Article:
Perhaps heaven is littered with the disembodied, collective consciousness of Woolworth, Circuit City, Borders and Blockbuster. Similarly, it may be possible that Enron and Lehman Brothers, a little less fortunate due to the indiscretions of their leaders, have found their corporate souls to be forever tormented in business hell. And, what of the high tech start-ups that come and go in the beat of a hummingbird’s wing? Where are Webvan, Flooz, Gowalla, Beenz, Loopt, Kosmo, eToys and Pets.com? Are they spinning endlessly somewhere between the gluttons (third circle) and the heretics (sixth circle) in Dante’s concentric hell. And where are the venture capitalists and where will Burger King and Apple find themselves when they eventually pass to the other side?
Recent census figures from the United Kingdom show that Jedi is the seventh most popular faith overall, with just over 176,000 followers.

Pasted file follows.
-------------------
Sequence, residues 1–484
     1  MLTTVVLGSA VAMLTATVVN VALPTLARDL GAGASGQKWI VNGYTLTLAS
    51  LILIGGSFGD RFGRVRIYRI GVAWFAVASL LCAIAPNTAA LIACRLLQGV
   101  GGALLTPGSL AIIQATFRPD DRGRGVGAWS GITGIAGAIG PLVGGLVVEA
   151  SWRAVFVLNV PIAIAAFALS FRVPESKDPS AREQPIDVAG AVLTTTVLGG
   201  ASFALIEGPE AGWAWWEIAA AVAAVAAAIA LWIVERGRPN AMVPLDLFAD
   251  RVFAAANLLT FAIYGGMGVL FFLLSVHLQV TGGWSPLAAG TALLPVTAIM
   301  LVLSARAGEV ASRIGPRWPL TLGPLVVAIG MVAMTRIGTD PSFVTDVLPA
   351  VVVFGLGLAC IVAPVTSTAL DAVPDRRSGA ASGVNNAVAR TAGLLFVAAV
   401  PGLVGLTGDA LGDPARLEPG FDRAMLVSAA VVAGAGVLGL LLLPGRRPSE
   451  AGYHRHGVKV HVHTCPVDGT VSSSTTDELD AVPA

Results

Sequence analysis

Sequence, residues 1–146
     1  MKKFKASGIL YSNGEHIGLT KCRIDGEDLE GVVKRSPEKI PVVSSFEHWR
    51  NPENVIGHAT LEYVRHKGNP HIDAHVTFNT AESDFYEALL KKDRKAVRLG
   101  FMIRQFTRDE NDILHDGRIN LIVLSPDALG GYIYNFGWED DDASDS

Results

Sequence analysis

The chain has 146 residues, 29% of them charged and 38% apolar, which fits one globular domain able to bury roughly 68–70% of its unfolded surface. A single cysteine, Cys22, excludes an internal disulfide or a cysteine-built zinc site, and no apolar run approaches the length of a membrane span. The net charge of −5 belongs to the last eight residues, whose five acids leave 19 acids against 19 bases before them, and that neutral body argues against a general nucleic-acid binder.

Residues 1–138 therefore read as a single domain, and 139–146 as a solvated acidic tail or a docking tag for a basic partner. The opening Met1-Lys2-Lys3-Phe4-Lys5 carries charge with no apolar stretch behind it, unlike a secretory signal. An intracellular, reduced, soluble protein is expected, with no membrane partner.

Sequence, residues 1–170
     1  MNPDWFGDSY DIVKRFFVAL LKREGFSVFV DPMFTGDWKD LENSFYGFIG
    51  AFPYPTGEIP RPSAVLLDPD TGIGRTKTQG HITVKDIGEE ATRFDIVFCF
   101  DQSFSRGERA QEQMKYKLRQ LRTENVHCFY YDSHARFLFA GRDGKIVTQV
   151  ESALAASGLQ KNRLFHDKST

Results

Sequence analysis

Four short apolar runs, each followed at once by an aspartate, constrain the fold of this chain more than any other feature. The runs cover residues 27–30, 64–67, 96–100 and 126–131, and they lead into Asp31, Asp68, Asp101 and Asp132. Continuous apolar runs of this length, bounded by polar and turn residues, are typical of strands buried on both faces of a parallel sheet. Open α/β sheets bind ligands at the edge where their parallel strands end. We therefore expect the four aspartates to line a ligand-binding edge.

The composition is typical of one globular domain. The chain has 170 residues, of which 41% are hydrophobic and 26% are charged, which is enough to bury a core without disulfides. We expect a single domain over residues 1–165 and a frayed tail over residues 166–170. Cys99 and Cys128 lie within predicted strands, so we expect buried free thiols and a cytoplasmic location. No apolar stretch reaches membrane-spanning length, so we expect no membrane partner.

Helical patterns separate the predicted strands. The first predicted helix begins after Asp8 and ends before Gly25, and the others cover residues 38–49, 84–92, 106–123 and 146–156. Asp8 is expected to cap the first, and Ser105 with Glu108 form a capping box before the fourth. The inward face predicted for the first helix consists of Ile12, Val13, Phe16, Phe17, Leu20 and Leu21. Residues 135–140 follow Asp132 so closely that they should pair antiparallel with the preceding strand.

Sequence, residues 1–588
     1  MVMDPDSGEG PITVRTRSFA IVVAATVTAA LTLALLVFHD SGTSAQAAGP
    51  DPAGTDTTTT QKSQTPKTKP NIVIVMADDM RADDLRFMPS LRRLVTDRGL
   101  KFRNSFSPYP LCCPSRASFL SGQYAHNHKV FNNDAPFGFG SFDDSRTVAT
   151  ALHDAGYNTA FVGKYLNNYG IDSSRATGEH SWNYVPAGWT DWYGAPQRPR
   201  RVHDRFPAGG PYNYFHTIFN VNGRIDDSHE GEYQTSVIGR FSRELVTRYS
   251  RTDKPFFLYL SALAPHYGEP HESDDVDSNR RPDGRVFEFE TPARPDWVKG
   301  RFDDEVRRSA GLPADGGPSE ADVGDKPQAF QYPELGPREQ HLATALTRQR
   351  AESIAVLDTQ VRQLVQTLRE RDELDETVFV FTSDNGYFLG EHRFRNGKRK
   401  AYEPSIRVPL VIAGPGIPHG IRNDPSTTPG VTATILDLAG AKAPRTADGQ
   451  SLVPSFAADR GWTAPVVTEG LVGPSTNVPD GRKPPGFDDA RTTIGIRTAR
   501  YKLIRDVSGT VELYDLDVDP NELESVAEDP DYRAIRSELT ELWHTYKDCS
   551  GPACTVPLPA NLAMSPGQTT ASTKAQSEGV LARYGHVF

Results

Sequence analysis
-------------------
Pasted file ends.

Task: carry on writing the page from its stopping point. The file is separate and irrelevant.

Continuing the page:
While this is down from a high of around 400,000 in the previous census (2001) it does suggest that George Lucas, creator of the Star Wars franchise, would still be a good stand-in for God in some parts of the U.K.
To learn more about Jediism point your browser here.
From the Telegraph:
The new figures reveal that the lightsabre-wielding disciples are only behind Christianity, Islam, Hinduism, Sikhism, Judaism and Buddhism in the popularity stakes, excluding non-religious people and people who did not answer.